OC Education Assistant grads ready to support learners in new and ever-changing world of education

By Public Affairs | June 30, 2020
           

Education Assistant Graduate Toby Griffin
Education Assistant Graduate Toby Griffin

The phrase “going back to school” is exciting on many levels for Okanagan College Vernon graduate Toby Griffin.

When she took the leap of returning to College at age 48 to pursue her dream of becoming a certified education assistant, Griffin never could have imagined she’d finish off her studies during a pandemic – nor could she have anticipated how much this experience would inspire her and her fellow students to support learners in new and innovative ways.

Education Assistants (EAs) are trained to help students be successful in meeting their educational goals. Griffin is one of a class of 27 new OC EA graduates who took time recently to show their appreciation to their instructor for helping them meet theirs.

On Friday, June 19, grads from the EA program at the College’s Vernon campus came together – in a physically distant way – to mark the completion of their program.

 

They held an informal graduation send-off at an acreage in the Vernon area belonging to the family of student Karissa Goodrum. Griffin gave the student address.

“I’m a proud mother of five children and I’ve always been passionate about supporting young learners,” explains Griffin. “I’ve been a Montessori pre-school teacher, a basketball coach, and held others roles in the community. It felt like it was my time to be able to go back to school to do this, to continue putting my love for education and supporting learners to work, and, hopefully, to inspire others around me to pursue their dreams.”

Griffin notes that while the pandemic presented challenges – such as the rapid shift to online learning in March – it brought students together and offered up lessons that will be invaluable for them going forward.

“Now that we’re finished, I can definitely say I appreciate the experience so much more, and took so much more away from it. I have a much deeper appreciation for children in the school system who have exceptionalities. I think we’ll all be better EAs for experiencing what we went through as learners during the pandemic,” says Griffin.

“We really built a bond as a team, and I know we’ll collaborate for a lifetime as professionals. It was very special that we could take this opportunity to have a kind of grad ceremony, to celebrate each other for making it through, for supporting one another, and to reflect on what we’ve all accomplished.”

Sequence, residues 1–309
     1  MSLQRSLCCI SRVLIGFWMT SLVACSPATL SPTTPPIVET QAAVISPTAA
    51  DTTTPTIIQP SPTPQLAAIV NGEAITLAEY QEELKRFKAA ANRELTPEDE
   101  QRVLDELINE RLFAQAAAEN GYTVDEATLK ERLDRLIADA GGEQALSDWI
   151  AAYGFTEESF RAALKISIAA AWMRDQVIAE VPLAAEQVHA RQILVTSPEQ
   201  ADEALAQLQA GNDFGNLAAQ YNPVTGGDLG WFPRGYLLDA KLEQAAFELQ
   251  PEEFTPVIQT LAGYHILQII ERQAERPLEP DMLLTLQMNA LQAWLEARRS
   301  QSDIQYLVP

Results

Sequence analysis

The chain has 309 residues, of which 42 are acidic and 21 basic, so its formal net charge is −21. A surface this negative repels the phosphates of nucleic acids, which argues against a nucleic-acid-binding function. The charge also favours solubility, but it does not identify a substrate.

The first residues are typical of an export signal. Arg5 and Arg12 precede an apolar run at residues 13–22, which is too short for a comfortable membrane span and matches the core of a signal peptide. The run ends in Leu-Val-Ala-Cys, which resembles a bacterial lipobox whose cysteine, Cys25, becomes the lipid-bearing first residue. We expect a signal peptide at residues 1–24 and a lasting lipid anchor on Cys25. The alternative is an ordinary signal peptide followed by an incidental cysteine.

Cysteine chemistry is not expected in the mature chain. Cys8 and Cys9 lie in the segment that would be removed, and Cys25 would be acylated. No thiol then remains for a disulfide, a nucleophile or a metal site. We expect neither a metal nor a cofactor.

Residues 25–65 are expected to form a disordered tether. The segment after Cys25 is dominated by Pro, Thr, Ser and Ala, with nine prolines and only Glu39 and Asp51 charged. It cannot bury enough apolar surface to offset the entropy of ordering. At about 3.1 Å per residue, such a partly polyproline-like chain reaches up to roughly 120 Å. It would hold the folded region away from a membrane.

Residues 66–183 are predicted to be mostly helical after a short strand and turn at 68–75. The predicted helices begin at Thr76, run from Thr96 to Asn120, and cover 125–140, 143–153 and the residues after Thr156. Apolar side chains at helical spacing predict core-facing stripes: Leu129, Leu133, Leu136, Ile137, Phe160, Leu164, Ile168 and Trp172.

Michelle Howe, the class’s lead instructor, also relished the opportunity to celebrate her students’ achievements.

“This truly was a special group of students. They faced the challenges that came their way, transitioned to online learning without missing a beat and supported each other in ways that left me so inspired and amazed,” says Howe.

Following the theme of celebrating diversity and inclusion, a topic that occupied many of their virtual discussions in recent weeks, the students swapped grad gowns for funky dresses at the celebration – giving them all a chance to showcase their individuality and perspectives, notes Howe.

“We talked a lot in recent weeks about the value of diversity and inclusion, and what it means for the future of the classroom and how we can all be champions and allies,” notes Howe. “I was incredibly inspired by the way they gravitated to that topic and carried it forward in so many ways.”

Christy Gelz, Program Coordinator for Continuing Studies at Okanagan College, says the students’ gratitude toward each other and their instructor was evident throughout the night – and was perhaps best exemplified in a kind gesture.

“The students dropped off gifts and cards at Michelle’s house to show just how much they appreciated the way she went above and beyond in getting them through the program during a semester nobody could have ever anticipated would turn out like it did,” says Gelz.

The gesture was deeply appreciated by Howe, who looks forward with interest to see what her students will accomplish as they step out into the new and ever-changing world of education in the Covid era.

“I look forward to see what they will all do in future when they step back into their next classroom, working with students,” says Howe. “They are going to be a phenomenal group of EAs.”

Education Assistants are in high demand across the province.

The College offers its EA Certificate program in Vernon, Kelowna, Penticton, Salmon Arm and Revelstoke.

Over the past five years, the College has sent more than 700 EA graduates out into the world.



Tags: Continuing Studies, Education Assistant, Vernon

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